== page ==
Science fiction is lousy with examples of planets that orbit a system of two suns. Tatooine, in the Star Wars saga, is endowed with a pair of suns to light up the sky, as is the planet Magrathea in The Hitchhiker’s Guide to the Galaxy. It would indeed be quite a spectacle to wake up to more than one Sun every day for us who have only one. This sight may entirely be possible to view around the young binary star system V4046 Sagittarii, as new images from the Smithsonian’s Submillimeter Array (SMA) have confirmed the existence of a molecular cloud – which could harbor, or later produce planets – orbiting the twin stars. This is the first time that evidence of planetary formation around a binary system of stars has been uncovered.
“We believe that V4046 Sagittarii provides one of the clearest examples yet discovered of a Keplerian, planet-forming disk orbiting a young star system,” said David Wilner of the Harvard-Smithsonian Center for Astrophysics in a press release issued today at the American Astronomical Society (AAS) meeting in Pasadena, Calif.
The disk has traces of carbon monoxide and hydrogen cyanide, gases that are telltale signs of planetary formation. It also lies between 30 -300 Astronomical Units from the central binary star system, a distance at which it is likely that our own giant planets Jupiter and Saturn formed, as well as the Kuiper belt objects. The two stars that make up the V4046 Sagittarii binary system are both approximately the mass of the Sun, and separated by a distance of 5 solar diameters.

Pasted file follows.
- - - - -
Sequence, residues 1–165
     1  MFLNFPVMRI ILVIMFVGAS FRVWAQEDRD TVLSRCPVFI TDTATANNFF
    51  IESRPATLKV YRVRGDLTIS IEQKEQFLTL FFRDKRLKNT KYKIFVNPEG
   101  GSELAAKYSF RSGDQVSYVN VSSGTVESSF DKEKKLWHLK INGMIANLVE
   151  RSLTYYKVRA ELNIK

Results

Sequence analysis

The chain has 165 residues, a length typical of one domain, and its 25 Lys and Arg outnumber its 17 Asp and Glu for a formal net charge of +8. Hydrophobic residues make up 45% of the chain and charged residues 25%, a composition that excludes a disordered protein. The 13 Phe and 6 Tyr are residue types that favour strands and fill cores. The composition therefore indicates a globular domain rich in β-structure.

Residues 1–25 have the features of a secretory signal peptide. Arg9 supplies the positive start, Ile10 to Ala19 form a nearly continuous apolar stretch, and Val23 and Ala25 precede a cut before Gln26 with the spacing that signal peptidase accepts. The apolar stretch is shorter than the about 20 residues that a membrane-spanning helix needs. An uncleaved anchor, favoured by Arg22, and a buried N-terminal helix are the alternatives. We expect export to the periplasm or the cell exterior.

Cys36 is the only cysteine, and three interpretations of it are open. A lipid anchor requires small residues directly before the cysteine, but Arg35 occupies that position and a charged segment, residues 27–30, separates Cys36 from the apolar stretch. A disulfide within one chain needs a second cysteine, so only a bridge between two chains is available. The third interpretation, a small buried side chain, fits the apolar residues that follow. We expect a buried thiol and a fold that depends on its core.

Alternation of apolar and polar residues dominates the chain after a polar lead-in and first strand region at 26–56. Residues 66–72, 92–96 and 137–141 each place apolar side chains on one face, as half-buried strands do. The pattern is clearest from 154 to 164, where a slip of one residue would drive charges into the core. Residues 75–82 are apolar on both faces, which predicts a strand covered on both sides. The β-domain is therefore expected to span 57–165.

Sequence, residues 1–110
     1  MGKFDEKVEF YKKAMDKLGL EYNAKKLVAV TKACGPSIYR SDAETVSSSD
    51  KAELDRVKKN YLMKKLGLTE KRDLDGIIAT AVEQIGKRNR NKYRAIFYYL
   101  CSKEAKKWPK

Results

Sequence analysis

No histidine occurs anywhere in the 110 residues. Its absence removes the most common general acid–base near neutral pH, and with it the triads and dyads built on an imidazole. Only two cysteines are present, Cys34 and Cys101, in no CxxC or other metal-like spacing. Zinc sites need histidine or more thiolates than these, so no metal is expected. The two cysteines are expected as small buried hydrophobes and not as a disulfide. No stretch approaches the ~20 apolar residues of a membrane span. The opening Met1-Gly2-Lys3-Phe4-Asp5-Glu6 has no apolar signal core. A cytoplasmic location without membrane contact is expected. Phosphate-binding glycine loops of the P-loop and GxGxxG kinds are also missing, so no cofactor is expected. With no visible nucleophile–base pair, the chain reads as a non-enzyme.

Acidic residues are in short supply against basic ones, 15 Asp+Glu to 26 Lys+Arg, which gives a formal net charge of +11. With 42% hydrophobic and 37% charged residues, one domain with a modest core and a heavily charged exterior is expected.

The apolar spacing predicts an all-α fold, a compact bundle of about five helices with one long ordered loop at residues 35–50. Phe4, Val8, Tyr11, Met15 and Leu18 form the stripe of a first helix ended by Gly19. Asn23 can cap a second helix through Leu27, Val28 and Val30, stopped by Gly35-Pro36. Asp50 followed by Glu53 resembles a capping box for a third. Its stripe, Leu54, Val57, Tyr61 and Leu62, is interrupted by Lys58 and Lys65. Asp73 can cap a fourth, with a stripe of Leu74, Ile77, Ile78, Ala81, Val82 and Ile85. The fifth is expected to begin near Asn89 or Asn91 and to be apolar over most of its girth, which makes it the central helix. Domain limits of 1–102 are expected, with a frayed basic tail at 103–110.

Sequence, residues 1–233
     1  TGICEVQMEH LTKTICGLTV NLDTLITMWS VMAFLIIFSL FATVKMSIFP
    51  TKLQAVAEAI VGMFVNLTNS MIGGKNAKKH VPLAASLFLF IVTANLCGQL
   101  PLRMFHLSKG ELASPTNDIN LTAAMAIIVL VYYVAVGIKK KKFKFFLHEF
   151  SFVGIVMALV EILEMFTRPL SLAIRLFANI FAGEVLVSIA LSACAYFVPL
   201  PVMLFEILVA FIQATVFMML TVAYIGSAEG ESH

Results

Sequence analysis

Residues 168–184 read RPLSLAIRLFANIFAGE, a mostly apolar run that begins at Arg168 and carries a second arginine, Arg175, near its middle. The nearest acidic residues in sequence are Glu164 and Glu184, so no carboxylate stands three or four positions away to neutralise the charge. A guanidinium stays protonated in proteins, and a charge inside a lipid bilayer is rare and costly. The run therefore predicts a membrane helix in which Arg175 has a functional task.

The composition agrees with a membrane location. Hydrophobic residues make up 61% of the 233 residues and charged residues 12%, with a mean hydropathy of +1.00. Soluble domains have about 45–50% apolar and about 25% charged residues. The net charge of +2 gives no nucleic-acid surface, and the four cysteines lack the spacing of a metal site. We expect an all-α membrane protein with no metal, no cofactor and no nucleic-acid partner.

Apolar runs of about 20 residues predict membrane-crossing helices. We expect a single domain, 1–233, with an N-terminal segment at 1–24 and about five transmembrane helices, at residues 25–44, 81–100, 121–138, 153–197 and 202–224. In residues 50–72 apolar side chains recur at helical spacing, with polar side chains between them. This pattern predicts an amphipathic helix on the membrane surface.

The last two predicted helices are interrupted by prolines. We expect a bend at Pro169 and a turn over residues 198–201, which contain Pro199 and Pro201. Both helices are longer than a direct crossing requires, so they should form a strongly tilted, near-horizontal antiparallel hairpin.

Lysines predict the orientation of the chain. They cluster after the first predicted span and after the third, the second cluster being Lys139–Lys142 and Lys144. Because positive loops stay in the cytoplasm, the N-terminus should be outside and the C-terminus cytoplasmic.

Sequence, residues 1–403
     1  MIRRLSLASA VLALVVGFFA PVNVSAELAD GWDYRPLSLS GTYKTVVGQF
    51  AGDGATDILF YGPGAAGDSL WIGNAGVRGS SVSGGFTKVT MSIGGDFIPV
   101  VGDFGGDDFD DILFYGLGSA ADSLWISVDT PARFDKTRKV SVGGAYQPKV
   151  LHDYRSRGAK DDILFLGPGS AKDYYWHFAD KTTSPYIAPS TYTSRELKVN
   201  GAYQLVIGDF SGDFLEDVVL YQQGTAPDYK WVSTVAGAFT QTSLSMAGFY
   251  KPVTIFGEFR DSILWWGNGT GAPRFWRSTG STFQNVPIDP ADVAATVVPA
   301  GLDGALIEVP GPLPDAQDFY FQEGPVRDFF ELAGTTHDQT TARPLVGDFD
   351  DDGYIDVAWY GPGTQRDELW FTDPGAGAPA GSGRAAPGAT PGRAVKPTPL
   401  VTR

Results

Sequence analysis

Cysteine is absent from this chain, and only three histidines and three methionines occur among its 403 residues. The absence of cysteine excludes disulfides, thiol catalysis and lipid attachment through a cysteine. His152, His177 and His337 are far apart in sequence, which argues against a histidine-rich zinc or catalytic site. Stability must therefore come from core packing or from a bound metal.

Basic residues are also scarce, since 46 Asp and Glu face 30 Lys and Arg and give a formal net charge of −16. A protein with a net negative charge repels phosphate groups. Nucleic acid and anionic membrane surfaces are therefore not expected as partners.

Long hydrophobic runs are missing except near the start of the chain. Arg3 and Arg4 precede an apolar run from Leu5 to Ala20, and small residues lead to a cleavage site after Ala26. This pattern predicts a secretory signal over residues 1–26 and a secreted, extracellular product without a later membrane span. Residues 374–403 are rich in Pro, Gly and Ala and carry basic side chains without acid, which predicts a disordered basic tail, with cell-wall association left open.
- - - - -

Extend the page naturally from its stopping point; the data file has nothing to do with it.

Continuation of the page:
Joel Kastner of the Rochester (NY) Institute of Technology, the lead scientist on the study, said in the press release“It’s a case of seeing is believing….We had the first evidence for this rotating disk in radio telescope observations of V4046 Sagittarii that we made last summer. But at that point, all we had were molecular spectra, and there are different ways to interpret the spectra. Once we saw the image data from the SMA, there was no doubt that we have a rotating disk here.”
The team of astronomers from the Harvard Smithsonian Center for Astrophysics and the Rochester Institute of Technology used the 30-meter radio telescope operated by the Institut de Radio Astronomie Millimetrique (IRAM) to pin down the the composition of the cloud, then used images from the Submillimeter Array to further confirm the finding. Both telescopes are sensitive to light in the submillimeter spectrum, which emanates from cold interstellar material such as gas and dust.
This new finding bodes well for the possibility that many other binary star systems harbor planets, and gives astronomers a new place to search for planets outside of our own solar system. Even better, V4046 Sagittarii is only 240 light-years away from our solar system, meaning that there’s a good chance that astronomers can image any planets that have already formed in the disk.
Source: AAS, Harvard-Smithsonian Center for Astrophysics